Don’t kids just love noise? The louder, the better. They are on the audio autobahn…. What if this was your wake-up call? Where is the snooze button?
Freestyle Soundgarden Symphony.
Don’t kids just love noise? The louder, the better. They are on the audio autobahn…. What if this was your wake-up call? Where is the snooze button?
Freestyle Soundgarden Symphony.
In our contemporary society, there is much energy, thought and in some cases money being invested to explore ways that will make outdoor play more accessible and attractive to kids. Numerous studies document a general penury of active, outdoor play across many of the high income countries. Kids are more sedentary, spend greater amounts of time indoors and when they do get outside, their freedom of movement, the territory in which they have permission to range is greatly restricted in comparison to previous generations.
Today’s kids are inhabiting a space where special strategies are required to get them outdoors to well, play and have fun. As recently as 30 or 40 years ago, independent, outdoor play was the default – a by the kids, for the kids daily dosing of discovery, amusement and anticipation. Not to get lost in rose-tinted nostalgia, but back in those heady days it was a self-evident truth that there would be play and plenty of it – a kid’s purpose so to speak.
Now, not so much. Gains are being made though. Signposts point to a play renaissance. There are hosts of engaged professionals from the worlds of design, health, recreation, education, urban planning and other disciplines who are working hard to help reverse play’s eroded fortunes and create an environment where it can flourish. Through the development of policies, public education campaigns and programs, collective action is laying the groundwork to reclaim kids’ attention and interest while allaying parents’ fears and concerns.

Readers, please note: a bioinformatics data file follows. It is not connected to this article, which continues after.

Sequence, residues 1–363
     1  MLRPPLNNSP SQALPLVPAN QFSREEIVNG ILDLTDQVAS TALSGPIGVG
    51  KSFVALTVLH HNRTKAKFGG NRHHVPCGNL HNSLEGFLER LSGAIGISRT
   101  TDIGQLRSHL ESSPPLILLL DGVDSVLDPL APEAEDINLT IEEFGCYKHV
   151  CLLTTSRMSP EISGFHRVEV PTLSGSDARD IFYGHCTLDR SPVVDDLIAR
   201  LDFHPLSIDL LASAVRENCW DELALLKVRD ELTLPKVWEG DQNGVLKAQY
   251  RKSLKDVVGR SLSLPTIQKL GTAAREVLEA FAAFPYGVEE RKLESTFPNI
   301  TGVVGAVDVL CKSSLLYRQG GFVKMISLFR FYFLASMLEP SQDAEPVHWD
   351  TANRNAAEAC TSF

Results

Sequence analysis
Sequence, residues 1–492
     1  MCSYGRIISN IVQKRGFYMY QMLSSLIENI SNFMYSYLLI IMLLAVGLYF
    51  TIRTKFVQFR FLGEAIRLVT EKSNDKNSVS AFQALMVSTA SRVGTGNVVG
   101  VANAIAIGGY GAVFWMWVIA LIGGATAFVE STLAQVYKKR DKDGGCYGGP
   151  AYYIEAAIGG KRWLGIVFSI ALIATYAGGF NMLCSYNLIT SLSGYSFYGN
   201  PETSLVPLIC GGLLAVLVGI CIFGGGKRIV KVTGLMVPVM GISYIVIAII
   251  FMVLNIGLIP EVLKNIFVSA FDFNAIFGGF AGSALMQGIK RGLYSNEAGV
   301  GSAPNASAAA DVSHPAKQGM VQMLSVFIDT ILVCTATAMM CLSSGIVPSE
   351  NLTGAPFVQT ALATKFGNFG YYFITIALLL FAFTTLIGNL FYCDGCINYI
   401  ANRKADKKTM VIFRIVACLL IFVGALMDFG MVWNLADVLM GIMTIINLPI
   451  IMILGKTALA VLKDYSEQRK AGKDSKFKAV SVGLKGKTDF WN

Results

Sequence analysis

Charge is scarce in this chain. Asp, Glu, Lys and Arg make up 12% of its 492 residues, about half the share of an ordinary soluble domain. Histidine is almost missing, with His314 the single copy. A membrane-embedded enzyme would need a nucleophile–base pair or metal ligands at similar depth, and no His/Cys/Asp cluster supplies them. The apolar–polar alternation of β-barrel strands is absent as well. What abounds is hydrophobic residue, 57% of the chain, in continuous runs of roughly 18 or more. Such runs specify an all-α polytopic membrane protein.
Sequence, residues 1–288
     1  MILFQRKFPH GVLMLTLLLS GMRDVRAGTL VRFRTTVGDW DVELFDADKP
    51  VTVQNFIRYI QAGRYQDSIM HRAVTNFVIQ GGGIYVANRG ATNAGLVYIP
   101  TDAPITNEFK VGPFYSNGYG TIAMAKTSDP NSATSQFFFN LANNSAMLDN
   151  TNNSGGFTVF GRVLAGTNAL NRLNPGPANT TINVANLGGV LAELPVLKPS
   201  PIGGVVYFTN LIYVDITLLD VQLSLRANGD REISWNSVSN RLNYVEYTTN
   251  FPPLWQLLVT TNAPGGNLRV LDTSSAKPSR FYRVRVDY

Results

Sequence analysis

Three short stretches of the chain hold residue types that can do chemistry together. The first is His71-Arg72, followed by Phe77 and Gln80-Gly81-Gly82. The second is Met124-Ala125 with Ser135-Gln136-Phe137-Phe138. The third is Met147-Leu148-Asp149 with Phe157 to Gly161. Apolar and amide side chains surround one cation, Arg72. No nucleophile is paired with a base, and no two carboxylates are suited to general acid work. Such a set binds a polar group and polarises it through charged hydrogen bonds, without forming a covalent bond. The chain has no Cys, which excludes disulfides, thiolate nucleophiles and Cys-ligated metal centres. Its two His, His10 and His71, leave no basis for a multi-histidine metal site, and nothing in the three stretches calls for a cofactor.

Safeguarding outdoor play is in the public good as it helps equip kids with lifelong skills and attributes – creativity, resilience and empathy are front runners. This shared responsibility cuts across multiple disciplines and jurisdictions. Local governments for instance have a highly visible role in the provision of public play spaces and recreation programs. Institutions can’t go it alone though.